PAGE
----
was circulated and subsequently accepted by all with some minor adjustments.
For each WG, a chairperson and a co-chairperson was nominated to lead the work
of the respective WGs. An EPI-Net team member was also assigned to each WG to
support the chairperson and co-chairperson in their work and to ensure synergies.
Thereafter, a framework document outlining:
the agreed working group composition, a list of networks represented by
the experts, the research strategy including a preliminary timeline with a
description of roles and responsibilities, as well as a publication policy, was
submitted to participants for comment and approval. This document provided the
overall framework to ensure harmonisation of the work across the WGs and laid
the groundwork for the subsequent elaboration of the scientific protocol for the
“Bridge the Gap: Survey to Treat” White paper series
To develop recommendations on how surveillance of antimicrobial use and
antimicrobial resistance rates should be reported to drive antibiotic
stewardship in the four target settings (hospitals, ambulatory, veterinary and
long-term care facilities) a strategy involving evidence-based consensus was
agreed upon. A draft protocol describing the key research questions under which
recommendations are to be provided, steps in literature search and data
extraction for evidence generation, and methodology for consensus was shared
among all participants. Based on the comments and feedback the protocol was
revised and finalized.
A comprehensive literature
search with the aim of selecting available evidence (studies, guidelines and
recommendations) was undertaken. As a first step,
national and international reports listed in the EU-JAMRAI repository on guidelines, tools and implementation methods for antibiotic
stewardship in various settings were screened. The search was further expanded
to PubMed database and Google search engine to identify additional literature
using tailored search terms. When a document matched the inclusion criteria,
data related to the research questions on antimicrobial stewardship team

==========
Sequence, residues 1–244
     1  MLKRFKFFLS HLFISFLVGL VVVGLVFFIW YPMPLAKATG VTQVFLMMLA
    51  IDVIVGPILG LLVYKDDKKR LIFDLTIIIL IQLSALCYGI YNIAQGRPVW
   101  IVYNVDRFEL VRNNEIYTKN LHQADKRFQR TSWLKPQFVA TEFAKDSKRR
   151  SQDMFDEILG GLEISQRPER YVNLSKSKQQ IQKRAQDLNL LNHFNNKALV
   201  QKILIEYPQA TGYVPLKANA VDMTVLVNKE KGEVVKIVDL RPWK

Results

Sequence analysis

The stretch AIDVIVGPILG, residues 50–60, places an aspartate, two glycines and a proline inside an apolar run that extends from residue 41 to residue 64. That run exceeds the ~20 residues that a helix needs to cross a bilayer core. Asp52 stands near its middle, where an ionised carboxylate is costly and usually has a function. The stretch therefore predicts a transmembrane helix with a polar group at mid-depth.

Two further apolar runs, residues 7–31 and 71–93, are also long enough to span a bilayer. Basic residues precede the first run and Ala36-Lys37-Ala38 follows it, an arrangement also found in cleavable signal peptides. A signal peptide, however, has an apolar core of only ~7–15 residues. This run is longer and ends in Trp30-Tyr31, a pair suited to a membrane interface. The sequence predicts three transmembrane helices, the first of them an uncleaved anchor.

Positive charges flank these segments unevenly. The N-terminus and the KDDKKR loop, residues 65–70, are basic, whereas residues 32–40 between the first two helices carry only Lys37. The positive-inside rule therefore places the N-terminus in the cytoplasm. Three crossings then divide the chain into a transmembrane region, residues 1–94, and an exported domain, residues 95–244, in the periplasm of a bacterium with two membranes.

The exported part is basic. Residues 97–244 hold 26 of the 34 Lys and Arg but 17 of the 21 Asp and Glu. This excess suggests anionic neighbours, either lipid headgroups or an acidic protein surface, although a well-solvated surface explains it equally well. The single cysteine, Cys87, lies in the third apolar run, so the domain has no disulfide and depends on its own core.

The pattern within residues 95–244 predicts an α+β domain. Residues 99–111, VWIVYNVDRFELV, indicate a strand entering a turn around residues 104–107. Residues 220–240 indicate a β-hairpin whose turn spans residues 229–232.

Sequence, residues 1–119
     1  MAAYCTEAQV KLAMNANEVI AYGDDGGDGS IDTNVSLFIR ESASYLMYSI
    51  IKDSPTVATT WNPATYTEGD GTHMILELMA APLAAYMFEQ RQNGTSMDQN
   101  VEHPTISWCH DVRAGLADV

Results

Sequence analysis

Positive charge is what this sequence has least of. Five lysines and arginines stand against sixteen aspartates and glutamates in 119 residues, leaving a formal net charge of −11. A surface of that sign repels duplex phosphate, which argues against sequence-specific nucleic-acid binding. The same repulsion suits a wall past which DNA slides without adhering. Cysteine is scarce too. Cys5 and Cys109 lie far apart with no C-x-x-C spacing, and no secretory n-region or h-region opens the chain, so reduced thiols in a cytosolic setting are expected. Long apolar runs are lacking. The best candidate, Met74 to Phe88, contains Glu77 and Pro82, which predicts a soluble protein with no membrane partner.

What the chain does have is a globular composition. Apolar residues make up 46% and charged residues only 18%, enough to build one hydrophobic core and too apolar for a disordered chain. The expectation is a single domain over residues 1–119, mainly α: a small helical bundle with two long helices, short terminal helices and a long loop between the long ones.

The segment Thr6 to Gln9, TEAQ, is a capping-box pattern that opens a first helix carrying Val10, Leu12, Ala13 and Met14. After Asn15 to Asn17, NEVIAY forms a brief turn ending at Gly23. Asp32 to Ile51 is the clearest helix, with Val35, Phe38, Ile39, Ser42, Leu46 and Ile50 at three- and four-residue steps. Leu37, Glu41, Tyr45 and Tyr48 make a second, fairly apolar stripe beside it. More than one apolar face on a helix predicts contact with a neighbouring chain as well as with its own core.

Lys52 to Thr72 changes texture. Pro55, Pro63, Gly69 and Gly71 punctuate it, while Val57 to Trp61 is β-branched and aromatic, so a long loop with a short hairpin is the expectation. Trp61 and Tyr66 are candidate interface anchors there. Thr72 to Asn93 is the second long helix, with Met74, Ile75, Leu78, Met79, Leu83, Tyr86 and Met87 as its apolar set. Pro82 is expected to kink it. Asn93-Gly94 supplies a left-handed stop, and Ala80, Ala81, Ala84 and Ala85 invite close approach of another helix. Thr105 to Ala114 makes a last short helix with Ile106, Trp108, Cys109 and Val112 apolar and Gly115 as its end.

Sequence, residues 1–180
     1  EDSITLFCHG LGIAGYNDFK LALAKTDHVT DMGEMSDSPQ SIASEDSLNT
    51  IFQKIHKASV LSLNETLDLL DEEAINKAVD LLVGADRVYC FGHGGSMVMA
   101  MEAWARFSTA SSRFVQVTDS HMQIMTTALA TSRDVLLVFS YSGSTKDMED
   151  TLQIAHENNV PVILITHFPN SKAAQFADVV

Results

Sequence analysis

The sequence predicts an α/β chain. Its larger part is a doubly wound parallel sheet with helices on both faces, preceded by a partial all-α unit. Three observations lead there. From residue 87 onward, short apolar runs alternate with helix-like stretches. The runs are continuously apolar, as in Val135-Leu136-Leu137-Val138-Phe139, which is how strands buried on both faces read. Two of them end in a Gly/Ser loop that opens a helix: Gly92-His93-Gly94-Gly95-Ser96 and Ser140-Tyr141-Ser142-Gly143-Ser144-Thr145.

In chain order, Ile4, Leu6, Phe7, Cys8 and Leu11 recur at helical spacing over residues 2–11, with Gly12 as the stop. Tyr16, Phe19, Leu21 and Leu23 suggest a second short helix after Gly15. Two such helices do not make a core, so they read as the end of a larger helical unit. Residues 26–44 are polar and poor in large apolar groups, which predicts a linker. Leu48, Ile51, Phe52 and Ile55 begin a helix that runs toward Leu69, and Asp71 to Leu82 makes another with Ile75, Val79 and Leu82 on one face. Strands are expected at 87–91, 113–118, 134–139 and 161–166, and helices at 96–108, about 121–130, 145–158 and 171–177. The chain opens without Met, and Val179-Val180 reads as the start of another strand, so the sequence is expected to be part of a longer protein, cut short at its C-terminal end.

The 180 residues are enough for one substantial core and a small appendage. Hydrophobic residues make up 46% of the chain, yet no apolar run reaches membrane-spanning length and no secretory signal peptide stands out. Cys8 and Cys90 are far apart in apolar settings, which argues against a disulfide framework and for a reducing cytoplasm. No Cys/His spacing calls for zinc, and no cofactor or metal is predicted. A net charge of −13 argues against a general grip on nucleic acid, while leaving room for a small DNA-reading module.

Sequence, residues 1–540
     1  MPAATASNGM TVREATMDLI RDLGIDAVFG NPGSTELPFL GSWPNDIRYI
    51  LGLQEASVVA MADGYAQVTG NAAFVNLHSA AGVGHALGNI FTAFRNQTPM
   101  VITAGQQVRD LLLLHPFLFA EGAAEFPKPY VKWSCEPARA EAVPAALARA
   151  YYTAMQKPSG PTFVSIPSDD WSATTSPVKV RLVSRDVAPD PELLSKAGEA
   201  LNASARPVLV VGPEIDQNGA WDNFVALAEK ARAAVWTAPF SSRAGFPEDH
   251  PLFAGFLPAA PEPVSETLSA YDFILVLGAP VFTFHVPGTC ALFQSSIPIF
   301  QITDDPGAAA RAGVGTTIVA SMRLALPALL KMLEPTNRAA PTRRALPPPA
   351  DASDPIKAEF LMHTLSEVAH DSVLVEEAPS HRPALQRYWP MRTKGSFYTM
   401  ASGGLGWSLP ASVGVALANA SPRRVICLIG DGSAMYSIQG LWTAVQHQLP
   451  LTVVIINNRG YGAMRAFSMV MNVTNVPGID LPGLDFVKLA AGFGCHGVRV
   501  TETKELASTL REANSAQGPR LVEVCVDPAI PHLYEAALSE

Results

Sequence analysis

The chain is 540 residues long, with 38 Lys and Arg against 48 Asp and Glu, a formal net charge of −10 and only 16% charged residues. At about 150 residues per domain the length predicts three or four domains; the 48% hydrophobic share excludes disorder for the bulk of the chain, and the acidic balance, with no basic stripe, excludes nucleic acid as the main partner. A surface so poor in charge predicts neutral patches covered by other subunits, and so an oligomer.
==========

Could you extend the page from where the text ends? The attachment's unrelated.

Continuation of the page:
composition and legal framework, antibiotic resistance and antibiotic
consumption were extracted. The data collected were collated to develop a
summary report on literature evidence and identify key research gaps (research
questions for which no literature evidence was available) and to compile a first
draft of recommendations and research priorities. An online survey module to
obtain the first round consensus in a two round RAND-modified Delphi method is
currently being developed. Once this survey is on-line, ARCH members will be
able to cast their votes and opinions on the draft recommendations (guided by
literature evidence). Face-to-face group discussions at the upcoming
ARCH/GAP-ONE joint meeting 24th October-25th October 2019
in Verona, Italy will help achieve the final round of consensus.
Strategic Research Agenda
To define strategic research agendas (SRAs) for future research focus
and funding, several tools and techniques are currently available. In order to
obtain an overview of the wealth of information that can guide priority setting
exercises, it was decided that a rapid state-of-the-art review of grey and
published literature (2018, 2019) will be performed. A total of 206 hits composed of guideline documents, opinion/review articles and research
agendas were screened, and a detailed report summarizing recommendations and
trends in health and healthcare research priority setting was shared with all
the members. A checklist based on nine elements of good practice was also
established to clarify the steps necessary for the creation of SRA. Further
work on the SRA will be deliberated based on the results of the web-based
survey and face-to-face group
discussions at the upcoming ARCH/GAP-ONE joint meeting.